How will autonomous vehicles decide how to get where they’re going – not just where to turn, but when to change lanes, when to brake hard and when to speed up? Prior mapping will be central to navigation. Prior mapping involves loading the vehicle with detailed surveys so it knows where to expect traffic signals and trees, for example, reducing the need for on-the-fly perception. Not only does this tell the car where it is in the world, it opens space for the vehicle to pay more attention to things that aren’t on its map. Eustice and Edwin Olson, a U-M associate professor of computer science and engineering, worked to develop streamlined, robust prior mapping approaches that let vehicles localize themselves, with centimeter precision, even when the road is covered in snow.
If a vehicle could predict what will happen around it, it could make better decisions. “Predicting the future is hard,” said Jason Corso, associate professor of electrical and computer engineering. “Today most methods are able to detect a lane change only when a vehicle has signaled that it’s going to change lanes.”
Corso can best that, though. He recently showed that, based on traffic flow and vehicle speeds, he can anticipate the trajectories of nearby vehicles up to five seconds before a vehicle signals its intent.
He’s also working on ways to get autonomous vehicles to understand verbal commands. “Imagine at some point, you want your vehicle to change course,” he said. “You don’t want to have to use special language or a dashboard controller.”
U-M is also the birthplace of a radically different way of planning vehicle behaviors using a technique known as multi-policy decision making. In this approach, the vehicle doesn’t plan a path at all – it uses a library of driving strategies and runs a real-time “election” to pick the best one for a particular situation. Olson and his team are pushing this technology to produce increasingly human-like behavior, and he’s commercializing it through his startup, May Mobility.
Moving society to next-generation mobility systems – and making sure the shift doesn’t lead to unintended consequences – will require new laws, city designs, business models, cybersecurity measures, and also public acceptance. Across U-M, scholars are delving into these broader aspects.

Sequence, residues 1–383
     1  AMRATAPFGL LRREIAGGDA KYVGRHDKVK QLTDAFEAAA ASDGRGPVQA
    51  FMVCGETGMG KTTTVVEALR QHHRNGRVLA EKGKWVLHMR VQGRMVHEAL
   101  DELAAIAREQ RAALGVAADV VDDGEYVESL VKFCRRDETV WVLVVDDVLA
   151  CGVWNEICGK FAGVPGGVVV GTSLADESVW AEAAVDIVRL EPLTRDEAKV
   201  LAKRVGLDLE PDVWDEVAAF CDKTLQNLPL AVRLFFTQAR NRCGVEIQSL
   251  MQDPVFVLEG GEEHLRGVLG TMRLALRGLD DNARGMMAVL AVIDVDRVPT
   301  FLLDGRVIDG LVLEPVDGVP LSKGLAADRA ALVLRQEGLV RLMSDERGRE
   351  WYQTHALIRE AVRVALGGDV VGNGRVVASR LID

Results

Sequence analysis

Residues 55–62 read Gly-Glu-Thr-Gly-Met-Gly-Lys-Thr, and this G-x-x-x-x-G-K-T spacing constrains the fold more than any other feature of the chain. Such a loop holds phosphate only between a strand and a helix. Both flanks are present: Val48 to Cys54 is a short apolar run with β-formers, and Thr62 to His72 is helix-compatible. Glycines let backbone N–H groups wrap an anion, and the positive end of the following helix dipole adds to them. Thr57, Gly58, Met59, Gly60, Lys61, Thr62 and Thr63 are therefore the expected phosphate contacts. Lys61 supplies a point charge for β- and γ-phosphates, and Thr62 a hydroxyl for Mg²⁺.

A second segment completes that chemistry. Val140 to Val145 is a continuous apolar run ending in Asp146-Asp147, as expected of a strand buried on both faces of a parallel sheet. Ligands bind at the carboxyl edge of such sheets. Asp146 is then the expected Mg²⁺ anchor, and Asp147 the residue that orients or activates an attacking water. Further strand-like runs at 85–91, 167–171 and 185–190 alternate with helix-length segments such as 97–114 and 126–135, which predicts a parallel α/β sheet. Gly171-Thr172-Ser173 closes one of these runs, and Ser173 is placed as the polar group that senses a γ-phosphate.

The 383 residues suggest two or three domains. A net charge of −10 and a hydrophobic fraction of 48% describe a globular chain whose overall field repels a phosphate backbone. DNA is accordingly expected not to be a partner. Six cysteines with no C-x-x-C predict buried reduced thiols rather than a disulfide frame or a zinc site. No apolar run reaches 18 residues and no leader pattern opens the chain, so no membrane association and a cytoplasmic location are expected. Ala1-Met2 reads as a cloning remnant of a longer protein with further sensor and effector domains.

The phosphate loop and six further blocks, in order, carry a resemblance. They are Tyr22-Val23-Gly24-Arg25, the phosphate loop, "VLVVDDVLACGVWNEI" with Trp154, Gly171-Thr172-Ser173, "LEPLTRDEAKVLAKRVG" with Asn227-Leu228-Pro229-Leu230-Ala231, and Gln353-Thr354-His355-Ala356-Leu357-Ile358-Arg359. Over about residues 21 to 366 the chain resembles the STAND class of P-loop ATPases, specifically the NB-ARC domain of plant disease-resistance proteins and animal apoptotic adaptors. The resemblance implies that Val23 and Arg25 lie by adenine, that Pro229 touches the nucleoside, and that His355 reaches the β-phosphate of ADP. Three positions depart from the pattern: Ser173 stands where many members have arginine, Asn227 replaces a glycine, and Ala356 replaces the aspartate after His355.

On the law front, driverless cars will likely shift fault for accidents from drivers to auto manufacturers, raising new liability questions. They will also collect more data than we’re used to, leading to privacy issues. In a step toward exploring these quandaries, the U-M Law School and Mcity, in collaboration with the Michigan governor’s office, launched the Law and Mobility Project in June.
“Our goal is to analyze not only the direct and obvious legal and regulatory issues – such as tort liability and federal or state regulation of driverless cars – but also to think more broadly about the many significant ways in which the coming mobility revolution willreshape law, regulation, culture, economics and many other domains of life,” said Daniel Crane, professor at the U-M Law School and editor of the project’s new Journal of Law and Mobility.
Through the Center for Connected and Automated Transportation, a five-year, $13-million, U.S. Department of Transportation-funded effort, UMTRI is studying the shift holistically as well.
“Connected and automated vehicles will have a disruptive impact on our transportation system,” said Henry Liu, professor of civil and environmental engineering who leads the center. “While these technologies will continue their steady advance toward public roadway systems, there are a variety of open questions and issues on technology development, policy and planning, and system design and operations that require answers and resolution.”
One of the biggest opportunities driverless cars will bring is wheels for those who don’t have access to reliable transportation – the elderly, disabled and economically disadvantaged. “We need to think about accessibility,” said Carrie Morton, deputy director of Mcity. “How do we take this unique moment in time when we’re re-envisioning transportation from the ground up to make sure we design it to move all society forward, and that means thinking about socioeconomic mobility, access to healthcare, to grocery stores – all of those things.”
Mcity is doing that, through collaborations across campus. But sometimes a driverless car won’t be the answer.
“It’s not all about connected and autonomous vehicles,” said UMTRI Director Sayer. “They’re one tool. The goal really needs to be improving mobility and that can mean reducing the need to move. Rather than dragging an elderly person to a doctor, why not take the service to them in other ways?”